Key Tasks for July
As with last month, you will need to be guided by your governing body regarding usage and procedures. However, signs are positive and a slow return to some form of normality appears to be on the way.
Continue cutting regularly to ensure a good sward density. It may sometimes be helpful on newly established grass to lightly roll the surface before cutting to ensure that the grass does not get pulled out by the action of the mower. Also, ensure that any mowing equipment used is keenly set to cut without tearing. Let the clippings fly to assist nutrient levels and retain water in the surface.
The soil can dry out quickly in any periods of sunny conditions, so make sure that your irrigation systems are functioning correctly as, once soils become hydrophobic and dry patch sets in, it becomes very difficult to get water back into the surface.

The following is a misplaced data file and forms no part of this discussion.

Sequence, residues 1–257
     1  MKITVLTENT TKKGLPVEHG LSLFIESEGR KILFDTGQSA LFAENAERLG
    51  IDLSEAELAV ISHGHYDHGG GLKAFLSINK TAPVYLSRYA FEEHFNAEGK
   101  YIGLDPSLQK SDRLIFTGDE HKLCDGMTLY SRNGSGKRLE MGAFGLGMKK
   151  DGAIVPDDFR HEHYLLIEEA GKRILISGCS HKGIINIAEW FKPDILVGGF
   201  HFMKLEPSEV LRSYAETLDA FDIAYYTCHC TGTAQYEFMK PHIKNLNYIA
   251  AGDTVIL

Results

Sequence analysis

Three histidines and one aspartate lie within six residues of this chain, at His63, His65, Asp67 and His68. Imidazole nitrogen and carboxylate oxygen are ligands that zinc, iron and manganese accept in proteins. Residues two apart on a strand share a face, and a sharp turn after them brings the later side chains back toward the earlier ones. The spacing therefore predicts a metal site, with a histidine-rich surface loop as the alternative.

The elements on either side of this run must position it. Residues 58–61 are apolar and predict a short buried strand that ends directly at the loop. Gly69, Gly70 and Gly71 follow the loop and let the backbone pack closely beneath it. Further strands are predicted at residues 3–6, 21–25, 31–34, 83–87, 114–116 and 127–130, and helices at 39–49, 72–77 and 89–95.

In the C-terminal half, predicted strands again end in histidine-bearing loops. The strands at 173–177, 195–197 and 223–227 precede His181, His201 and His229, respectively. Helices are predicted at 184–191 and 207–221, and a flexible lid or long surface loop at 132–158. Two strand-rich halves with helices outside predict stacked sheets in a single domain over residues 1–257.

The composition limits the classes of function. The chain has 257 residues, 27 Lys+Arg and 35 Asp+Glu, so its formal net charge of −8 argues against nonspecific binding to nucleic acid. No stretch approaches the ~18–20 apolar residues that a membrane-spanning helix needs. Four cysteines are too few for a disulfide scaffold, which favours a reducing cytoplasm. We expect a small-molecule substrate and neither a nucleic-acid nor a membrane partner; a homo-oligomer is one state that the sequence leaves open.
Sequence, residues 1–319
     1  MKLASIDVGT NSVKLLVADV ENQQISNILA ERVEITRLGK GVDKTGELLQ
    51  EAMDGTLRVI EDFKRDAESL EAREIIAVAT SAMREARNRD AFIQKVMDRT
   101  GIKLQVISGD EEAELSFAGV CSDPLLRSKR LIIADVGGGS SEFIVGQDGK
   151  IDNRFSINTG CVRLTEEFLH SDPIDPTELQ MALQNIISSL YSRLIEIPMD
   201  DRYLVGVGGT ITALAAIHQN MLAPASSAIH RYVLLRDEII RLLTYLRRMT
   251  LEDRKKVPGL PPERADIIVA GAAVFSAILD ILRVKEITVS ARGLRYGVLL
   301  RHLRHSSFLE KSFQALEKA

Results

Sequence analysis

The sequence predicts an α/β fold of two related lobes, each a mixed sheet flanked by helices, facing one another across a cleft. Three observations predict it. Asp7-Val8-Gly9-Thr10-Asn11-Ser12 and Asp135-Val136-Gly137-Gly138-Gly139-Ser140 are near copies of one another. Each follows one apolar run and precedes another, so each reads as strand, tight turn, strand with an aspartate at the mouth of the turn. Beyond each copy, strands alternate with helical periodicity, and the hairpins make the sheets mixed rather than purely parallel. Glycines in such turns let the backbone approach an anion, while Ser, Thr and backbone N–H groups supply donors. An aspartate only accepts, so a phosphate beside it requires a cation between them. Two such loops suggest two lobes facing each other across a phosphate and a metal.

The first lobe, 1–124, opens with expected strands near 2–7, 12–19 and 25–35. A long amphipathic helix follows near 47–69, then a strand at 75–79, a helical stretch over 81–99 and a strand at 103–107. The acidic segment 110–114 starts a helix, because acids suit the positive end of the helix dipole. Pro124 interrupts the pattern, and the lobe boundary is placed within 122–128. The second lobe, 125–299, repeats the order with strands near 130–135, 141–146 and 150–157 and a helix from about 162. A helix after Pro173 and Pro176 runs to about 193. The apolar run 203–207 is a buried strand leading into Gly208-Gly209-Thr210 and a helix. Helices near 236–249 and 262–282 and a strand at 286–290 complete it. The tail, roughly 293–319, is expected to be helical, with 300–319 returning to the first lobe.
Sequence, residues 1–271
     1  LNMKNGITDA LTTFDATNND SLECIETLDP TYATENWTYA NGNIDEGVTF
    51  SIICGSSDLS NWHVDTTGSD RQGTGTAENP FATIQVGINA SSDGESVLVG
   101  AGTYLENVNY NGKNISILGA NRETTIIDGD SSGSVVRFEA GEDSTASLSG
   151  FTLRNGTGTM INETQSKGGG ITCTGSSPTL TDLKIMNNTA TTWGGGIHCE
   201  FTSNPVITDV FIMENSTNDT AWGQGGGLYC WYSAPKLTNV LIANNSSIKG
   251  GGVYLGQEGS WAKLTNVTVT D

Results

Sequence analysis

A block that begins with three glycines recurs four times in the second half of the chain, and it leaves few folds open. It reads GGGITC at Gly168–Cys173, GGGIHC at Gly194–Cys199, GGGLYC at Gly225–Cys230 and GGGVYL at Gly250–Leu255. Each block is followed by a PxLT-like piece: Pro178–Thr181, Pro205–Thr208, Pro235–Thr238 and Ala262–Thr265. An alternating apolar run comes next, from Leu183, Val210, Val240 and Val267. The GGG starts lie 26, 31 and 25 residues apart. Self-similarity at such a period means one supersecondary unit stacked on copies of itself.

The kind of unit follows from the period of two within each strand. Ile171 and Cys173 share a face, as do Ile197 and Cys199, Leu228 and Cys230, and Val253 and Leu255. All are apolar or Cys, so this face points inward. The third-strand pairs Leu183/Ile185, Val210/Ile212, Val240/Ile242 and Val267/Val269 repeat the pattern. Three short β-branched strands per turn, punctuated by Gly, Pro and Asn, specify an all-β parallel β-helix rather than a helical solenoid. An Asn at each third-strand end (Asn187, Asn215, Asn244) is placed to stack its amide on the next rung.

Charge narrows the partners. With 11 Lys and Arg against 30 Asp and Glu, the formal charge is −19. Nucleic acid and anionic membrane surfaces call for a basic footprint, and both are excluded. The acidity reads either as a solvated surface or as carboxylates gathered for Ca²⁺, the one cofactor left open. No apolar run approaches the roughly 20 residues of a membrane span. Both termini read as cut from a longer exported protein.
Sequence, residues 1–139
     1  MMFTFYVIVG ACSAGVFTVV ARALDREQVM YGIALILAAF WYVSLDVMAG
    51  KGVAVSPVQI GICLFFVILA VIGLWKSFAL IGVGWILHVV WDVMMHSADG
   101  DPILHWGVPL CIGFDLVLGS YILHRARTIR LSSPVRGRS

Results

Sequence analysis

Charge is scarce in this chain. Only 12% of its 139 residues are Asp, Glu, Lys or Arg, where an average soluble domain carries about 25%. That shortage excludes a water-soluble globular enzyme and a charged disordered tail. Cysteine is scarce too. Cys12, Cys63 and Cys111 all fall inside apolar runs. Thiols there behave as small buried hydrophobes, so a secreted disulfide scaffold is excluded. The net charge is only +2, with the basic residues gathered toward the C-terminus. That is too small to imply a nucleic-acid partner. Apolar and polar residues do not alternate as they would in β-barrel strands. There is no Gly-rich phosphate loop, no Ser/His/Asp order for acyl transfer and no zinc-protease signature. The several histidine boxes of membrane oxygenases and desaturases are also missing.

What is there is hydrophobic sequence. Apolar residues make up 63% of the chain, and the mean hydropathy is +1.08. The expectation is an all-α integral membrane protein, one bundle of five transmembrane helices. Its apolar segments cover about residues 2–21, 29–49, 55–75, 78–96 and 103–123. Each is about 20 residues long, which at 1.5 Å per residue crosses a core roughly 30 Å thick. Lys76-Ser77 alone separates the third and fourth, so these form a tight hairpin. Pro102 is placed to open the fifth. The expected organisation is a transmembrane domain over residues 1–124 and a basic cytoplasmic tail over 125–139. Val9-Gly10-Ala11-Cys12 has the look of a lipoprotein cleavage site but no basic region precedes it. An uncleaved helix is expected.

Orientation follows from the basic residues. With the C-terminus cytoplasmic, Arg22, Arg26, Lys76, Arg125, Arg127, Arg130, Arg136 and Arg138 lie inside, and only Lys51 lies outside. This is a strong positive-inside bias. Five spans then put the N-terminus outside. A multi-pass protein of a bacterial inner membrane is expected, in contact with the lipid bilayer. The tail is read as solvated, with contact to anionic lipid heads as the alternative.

You may choose to use wetting agents to ensure uniform wetting, particularly on soils prone to dry patch.
Continue the work of brushing to keep the air circulating around the base of the plant, particularly important for removing early morning dew and controlling disease.
Spike when the conditions allow, but keep your regime flexible.
Do not apply fertiliser during periods of drought, unless you have the means to water in.
June was a month where we saw warm and hot conditions give way to persistent rain and heavy thunderstorms in many areas, and with it much needed rainfall. Consequently, the dormant road verges and stressed sports turf surfaces at the end of May have given way to lush green vigorous growth. If April and May were challenging, then June has been a somewhat optimal month for plants, warmth, long daylight hours and plenty of rain; perfect.